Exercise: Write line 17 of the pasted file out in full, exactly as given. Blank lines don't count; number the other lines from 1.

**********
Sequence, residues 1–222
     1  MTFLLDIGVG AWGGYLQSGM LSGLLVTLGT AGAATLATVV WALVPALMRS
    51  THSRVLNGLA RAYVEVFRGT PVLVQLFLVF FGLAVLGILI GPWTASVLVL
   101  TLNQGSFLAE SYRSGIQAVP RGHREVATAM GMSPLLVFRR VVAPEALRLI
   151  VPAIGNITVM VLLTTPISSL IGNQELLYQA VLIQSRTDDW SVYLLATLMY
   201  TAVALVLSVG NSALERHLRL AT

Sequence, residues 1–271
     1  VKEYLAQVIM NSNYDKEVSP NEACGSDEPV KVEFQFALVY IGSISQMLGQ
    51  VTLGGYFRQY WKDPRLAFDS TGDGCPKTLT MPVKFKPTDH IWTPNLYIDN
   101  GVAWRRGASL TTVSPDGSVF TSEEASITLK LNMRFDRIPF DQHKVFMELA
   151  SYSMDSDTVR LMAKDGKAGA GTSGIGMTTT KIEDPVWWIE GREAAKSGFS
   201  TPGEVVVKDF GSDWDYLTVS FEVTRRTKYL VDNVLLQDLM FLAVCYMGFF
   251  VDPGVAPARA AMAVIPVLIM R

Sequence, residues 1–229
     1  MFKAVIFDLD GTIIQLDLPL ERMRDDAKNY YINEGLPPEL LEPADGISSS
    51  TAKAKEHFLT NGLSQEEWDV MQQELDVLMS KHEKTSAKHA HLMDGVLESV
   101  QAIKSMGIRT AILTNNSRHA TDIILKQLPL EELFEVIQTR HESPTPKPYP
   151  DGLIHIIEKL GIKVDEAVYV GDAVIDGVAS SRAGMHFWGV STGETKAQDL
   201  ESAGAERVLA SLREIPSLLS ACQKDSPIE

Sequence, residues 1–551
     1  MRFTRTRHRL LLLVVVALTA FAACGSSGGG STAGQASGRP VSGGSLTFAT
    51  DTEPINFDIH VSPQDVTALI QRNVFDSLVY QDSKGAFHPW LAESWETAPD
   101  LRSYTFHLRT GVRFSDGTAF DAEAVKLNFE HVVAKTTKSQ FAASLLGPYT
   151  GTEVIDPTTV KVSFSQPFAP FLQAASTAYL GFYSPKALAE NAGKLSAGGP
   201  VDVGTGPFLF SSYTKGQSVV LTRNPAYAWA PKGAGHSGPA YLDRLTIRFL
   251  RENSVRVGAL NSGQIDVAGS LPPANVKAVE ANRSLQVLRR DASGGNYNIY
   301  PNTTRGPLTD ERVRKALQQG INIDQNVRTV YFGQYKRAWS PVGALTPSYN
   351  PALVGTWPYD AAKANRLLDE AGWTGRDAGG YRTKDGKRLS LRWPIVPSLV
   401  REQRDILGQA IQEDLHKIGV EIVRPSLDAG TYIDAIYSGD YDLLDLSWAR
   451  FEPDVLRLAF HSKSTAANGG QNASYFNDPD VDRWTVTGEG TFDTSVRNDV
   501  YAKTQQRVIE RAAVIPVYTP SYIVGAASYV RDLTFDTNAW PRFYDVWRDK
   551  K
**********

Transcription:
   101  QAIKSMGIRT AILTNNSRHA TDIILKQLPL EELFEVIQTR HESPTPKPYP